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Posted 22 September 2011 - 07:25 PM
Posted 22 September 2011 - 07:42 PM
Posted 22 September 2011 - 07:43 PM
Posted 22 September 2011 - 07:50 PM
Posted 22 September 2011 - 08:02 PM
Even if you write over a file with (unknowing) random bits, forensic analysis can still detect the original values of the bits in some cases.
The standard practice that I know of for permanently deleting a file is to write over it will all zeros, then write over it with all ones, then write over it a few times with random bits, and then to smash the hard-drive enclosure with a hammer and discard of it in protected land-fill.
As for truly random numbers -- electronic slot machine regulations in some jurisdictions actually require truly random numbers, not just pseudo-random numbers. These are generated from a real RNG device (which measures entropy from radiation, decay, thermal noise, etc), not a PRNG algorithm.
Posted 22 September 2011 - 08:08 PM
No. If I write '4' on a sheet of paper, then you erase it and write '7' in it's place, I can still see the imprint of the 4 on the paper.
you can just overwrite the data once with random values and result in almost absolutely irreversible deletion.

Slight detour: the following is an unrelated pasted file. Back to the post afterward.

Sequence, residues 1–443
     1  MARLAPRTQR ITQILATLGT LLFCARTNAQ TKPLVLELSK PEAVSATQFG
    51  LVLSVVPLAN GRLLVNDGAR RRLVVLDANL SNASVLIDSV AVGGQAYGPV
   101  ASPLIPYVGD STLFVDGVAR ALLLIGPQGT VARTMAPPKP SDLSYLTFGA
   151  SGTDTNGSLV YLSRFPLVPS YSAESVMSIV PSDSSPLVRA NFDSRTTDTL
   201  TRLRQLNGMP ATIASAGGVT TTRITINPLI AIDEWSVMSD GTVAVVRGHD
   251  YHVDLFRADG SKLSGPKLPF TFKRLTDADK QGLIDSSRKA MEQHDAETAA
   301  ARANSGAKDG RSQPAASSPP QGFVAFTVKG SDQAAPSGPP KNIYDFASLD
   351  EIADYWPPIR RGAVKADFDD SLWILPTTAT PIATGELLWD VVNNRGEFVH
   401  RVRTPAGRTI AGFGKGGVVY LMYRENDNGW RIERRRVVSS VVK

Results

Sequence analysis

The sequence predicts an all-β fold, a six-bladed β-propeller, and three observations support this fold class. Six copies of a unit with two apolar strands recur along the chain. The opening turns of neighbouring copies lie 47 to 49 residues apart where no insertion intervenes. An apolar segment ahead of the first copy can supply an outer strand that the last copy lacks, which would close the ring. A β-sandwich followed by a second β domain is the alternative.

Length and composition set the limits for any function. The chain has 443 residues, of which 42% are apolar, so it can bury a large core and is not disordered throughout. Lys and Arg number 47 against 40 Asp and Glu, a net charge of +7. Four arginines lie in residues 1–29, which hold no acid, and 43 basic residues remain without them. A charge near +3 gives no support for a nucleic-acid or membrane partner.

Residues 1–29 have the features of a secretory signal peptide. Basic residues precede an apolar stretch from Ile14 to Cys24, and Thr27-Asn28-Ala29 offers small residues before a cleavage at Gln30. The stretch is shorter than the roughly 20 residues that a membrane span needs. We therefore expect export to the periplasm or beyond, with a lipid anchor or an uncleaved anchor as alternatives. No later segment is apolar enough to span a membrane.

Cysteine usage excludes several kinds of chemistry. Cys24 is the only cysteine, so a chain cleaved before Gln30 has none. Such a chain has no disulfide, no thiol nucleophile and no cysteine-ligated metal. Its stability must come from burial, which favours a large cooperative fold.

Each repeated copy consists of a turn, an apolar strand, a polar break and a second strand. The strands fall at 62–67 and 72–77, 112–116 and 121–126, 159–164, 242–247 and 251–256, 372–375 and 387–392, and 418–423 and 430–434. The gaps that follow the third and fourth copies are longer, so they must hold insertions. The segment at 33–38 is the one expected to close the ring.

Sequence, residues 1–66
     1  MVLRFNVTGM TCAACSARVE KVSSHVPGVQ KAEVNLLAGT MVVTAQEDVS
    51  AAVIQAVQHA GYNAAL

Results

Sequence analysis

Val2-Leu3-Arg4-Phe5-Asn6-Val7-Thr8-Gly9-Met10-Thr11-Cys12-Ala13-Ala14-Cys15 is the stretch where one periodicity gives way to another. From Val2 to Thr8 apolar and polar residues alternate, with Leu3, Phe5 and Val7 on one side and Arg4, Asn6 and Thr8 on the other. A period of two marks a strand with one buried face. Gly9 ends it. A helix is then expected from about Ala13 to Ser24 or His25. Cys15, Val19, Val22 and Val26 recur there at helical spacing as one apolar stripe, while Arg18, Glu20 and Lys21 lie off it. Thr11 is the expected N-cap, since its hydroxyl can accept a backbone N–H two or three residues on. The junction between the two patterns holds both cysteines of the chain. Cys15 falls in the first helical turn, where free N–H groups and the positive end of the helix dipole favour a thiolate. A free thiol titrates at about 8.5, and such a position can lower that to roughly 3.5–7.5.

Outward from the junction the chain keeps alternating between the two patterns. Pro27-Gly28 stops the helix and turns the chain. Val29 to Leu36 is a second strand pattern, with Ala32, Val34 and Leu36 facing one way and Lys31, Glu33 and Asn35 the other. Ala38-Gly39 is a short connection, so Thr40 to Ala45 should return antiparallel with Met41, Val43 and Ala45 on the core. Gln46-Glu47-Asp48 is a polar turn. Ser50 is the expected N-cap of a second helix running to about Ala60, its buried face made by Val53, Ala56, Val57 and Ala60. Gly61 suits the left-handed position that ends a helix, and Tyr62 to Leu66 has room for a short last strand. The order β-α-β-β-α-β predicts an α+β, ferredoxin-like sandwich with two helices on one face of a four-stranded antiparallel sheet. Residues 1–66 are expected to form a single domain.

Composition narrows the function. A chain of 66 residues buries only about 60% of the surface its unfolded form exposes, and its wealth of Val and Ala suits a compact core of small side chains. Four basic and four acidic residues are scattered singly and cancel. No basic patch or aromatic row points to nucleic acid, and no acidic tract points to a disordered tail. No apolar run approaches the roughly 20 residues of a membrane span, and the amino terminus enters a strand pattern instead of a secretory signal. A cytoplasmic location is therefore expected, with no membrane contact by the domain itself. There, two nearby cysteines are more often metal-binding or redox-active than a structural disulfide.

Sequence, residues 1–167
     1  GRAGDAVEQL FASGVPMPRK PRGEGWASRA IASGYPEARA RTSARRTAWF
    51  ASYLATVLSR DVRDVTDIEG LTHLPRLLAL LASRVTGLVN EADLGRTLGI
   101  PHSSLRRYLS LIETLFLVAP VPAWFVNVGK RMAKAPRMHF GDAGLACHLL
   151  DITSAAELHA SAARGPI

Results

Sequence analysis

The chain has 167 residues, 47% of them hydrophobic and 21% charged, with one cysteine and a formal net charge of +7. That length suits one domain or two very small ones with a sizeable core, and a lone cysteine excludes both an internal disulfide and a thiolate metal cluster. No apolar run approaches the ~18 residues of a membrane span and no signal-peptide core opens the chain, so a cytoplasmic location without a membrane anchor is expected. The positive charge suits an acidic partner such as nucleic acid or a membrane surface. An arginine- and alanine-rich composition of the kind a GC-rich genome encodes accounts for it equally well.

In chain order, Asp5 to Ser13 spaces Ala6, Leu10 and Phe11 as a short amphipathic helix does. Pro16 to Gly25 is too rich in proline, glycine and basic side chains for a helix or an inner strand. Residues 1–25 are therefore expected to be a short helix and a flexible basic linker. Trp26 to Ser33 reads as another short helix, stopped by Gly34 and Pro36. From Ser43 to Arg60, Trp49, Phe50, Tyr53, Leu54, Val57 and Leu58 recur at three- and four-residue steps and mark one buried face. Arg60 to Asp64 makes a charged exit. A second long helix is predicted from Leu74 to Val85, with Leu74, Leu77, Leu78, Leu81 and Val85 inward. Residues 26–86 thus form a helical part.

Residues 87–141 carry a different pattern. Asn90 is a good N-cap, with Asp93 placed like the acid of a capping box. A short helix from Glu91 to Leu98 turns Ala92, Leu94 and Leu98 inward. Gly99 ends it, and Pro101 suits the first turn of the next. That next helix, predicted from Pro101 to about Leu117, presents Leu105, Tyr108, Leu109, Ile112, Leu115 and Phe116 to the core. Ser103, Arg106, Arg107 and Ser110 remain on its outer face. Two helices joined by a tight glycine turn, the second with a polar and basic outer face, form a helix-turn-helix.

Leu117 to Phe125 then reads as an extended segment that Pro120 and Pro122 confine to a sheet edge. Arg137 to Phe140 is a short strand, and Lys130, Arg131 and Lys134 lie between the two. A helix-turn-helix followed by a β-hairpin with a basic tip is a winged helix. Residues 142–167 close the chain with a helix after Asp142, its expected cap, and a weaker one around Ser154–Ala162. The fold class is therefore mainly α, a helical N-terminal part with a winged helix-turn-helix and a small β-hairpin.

Posted 22 September 2011 - 09:26 PM
Posted 22 September 2011 - 09:29 PM
When I have to be certain something is erased and not recoverable... I use this tool:
Posted 22 September 2011 - 10:00 PM
Posted 22 September 2011 - 10:55 PM
Pretty simple system. If you have a blank HD and you write a file and want to remove that file write the XOR of it over the original data. It's even wear on the HD. Reading doesn't change the value for a magnetic drive so you've essentially just set all bits evenly.
Speaking of destroying HDs I put one on an industrial magnet before. Once you flick that switch anything on those platters are gone. (High frequency AC ftw?)
Posted 23 September 2011 - 12:07 AM
Posted 23 September 2011 - 01:27 AM
Posted 23 September 2011 - 02:03 AM
throw table_exception("(ノ ゜Д゜)ノ ︵ ┻━┻");
Posted 23 September 2011 - 03:20 AM
Posted 23 September 2011 - 04:47 AM
Posted 23 September 2011 - 07:41 AM
There's also the Gutmann Method, though I know little about it's necessity.
Electron microscopes don't really work that way. They need the sample to be treated and even then, it has never been published, not even for MFMs which were shown to be recoverable.
an electron microscope
Posted 23 September 2011 - 02:01 PM
Posted 23 September 2011 - 03:44 PM
It's simply an urban myth. It sounds romantic that there is some deus ex machina possibility, but it has never been done.
An electron microscope can't be used for that. You'd need a magnetic force microscope (ironically also called MFM), which is even more expensive.
an electron microscope